As for “Base,” this is also telling you something. It’s short for baseband, and it means that the signal is not being modulated at all for the standard. If you don’t see “Base,” then you are looking at a modulated signal.

Lastly, there is the letter convention. This is telling you what types of cables are used with each standard. There are a lot, but the ones you need to know are easy to list:

  • T: twisted pair
  • F: fiber optics
  • TX: Fast Ethernet
  • FX: Fast Ethernet over fiber optics
  • CX: copper twisted pair
  • SX: multimode fiber
  • LX: single-mode fiber

Simply knowing these rules of the naming convention already tells you everything you need to know about a standard, but we can get into more details for some of the most common standards.

The Common Standards

Again, the list below does not cover every standard. There are a lot. But, these are the standards you are most likely to see in a modern network.

10Base-T

The first and oldest among the standards in this list, 10Base-T is formally known as IEEE 802.3. You’ll notice that nothing comes after the “3” because this is the original 802.3 standard. Using the naming convention, this is a connection that runs over twisted pair cables and can reach speeds of 10 Mbps. These cables max out at 100 meters in length.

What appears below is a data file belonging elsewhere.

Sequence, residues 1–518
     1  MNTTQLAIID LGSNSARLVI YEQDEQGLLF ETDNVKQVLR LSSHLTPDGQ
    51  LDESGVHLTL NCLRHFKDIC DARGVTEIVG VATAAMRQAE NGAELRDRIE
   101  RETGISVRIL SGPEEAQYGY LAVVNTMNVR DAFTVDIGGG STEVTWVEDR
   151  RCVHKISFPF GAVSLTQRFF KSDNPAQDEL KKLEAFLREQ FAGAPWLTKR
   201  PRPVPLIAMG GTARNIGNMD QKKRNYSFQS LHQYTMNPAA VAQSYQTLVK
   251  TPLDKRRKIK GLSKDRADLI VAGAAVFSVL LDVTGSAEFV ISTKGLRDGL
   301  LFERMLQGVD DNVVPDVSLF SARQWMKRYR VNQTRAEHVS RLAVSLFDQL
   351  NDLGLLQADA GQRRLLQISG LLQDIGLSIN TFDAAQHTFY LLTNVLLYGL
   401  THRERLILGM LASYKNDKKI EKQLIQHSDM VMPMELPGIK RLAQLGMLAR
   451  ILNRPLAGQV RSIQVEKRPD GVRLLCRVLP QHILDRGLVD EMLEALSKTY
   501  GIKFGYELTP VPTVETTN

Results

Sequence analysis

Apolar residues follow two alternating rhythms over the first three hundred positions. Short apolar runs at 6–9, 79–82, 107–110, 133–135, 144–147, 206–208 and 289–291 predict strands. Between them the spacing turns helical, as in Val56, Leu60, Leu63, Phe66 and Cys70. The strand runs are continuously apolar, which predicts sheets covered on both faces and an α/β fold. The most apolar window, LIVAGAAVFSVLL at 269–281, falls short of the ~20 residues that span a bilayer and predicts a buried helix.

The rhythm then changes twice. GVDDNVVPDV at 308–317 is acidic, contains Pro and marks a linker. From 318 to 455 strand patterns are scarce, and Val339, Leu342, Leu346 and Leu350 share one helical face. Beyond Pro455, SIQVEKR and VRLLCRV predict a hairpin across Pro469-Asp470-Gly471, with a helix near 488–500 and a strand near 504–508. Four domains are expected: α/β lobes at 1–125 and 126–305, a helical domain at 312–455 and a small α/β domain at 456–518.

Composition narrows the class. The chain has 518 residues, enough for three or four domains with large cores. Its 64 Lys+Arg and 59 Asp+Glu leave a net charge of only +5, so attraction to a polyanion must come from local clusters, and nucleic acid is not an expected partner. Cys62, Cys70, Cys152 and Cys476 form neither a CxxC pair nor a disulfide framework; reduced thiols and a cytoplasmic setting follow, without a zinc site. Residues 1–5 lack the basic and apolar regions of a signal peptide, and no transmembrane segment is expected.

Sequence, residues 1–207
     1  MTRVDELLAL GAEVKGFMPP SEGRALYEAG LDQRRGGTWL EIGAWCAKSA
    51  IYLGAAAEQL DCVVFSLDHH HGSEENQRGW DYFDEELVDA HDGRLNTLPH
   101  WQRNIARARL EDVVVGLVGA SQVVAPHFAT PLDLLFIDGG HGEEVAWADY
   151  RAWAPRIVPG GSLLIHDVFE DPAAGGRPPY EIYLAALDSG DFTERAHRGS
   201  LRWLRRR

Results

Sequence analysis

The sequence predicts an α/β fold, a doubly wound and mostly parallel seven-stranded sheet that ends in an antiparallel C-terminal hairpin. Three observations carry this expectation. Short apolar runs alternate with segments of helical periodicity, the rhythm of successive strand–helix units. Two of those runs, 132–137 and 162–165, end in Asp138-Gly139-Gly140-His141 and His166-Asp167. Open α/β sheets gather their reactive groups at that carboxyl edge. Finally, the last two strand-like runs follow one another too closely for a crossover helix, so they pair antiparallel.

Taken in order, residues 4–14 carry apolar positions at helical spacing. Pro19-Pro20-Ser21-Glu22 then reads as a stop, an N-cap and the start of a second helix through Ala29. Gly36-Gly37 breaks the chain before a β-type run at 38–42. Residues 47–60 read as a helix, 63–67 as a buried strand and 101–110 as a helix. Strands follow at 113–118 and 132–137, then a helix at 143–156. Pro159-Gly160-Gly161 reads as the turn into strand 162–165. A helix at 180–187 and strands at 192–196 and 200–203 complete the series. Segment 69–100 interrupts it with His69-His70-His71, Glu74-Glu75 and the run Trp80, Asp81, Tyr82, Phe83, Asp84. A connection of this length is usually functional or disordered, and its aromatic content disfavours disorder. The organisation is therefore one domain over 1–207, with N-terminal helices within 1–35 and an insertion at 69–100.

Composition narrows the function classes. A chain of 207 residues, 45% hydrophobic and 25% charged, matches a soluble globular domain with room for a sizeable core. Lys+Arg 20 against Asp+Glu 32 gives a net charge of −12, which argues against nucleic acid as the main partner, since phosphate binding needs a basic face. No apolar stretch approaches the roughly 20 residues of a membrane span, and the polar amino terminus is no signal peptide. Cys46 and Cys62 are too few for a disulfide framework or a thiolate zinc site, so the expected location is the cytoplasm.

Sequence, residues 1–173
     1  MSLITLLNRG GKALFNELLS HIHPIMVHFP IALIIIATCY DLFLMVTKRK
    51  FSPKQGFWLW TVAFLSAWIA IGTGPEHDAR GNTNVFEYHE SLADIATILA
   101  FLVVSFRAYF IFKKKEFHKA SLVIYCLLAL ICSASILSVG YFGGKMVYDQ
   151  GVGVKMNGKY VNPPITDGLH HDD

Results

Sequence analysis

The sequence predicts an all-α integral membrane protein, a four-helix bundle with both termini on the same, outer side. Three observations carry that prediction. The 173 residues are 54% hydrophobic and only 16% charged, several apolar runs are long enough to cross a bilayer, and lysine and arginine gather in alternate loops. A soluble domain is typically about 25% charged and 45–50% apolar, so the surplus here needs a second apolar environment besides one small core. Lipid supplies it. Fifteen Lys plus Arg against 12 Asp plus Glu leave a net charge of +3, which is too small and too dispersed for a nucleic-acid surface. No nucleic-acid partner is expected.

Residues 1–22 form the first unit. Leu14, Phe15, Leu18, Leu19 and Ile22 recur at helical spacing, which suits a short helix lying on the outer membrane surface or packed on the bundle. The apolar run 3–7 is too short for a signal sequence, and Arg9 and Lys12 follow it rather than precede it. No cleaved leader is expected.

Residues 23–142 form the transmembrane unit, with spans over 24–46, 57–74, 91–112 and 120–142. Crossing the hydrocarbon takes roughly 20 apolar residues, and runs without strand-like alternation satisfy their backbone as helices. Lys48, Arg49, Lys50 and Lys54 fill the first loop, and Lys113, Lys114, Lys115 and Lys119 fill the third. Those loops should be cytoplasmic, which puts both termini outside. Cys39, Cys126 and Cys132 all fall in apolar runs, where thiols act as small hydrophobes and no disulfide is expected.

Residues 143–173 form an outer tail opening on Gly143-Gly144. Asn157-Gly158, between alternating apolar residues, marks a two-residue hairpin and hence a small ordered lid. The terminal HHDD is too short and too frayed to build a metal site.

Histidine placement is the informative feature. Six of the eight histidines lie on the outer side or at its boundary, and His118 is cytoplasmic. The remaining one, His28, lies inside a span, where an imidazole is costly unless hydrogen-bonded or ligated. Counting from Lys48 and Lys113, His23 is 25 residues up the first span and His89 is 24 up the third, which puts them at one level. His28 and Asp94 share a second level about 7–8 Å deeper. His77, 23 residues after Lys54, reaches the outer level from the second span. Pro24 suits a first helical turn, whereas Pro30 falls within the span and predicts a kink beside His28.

100Base-TX

IEEE 802.3u is next on the list. This is a 100 Mbps connection that runs on Fast Ethernet. In fact, this is known commonly just as “Fast Ethernet.” This standard supports Cat5, 5e, and 6 Ethernet cables. Fast Ethernet does also run on twisted pairs, and it supports cable runs up to 100 meters.

100Base-FX

The formal designation here is IEEE 802.3u. You might notice that the IEEE designation is identical to the connection above. That’s because this is also fast Ethernet. The important difference is that this form uses multimode fiber that supports cable runs up to 412 meters in length. Otherwise, the general performance is still very much in the range of Fast Ethernet.

1000Base-CX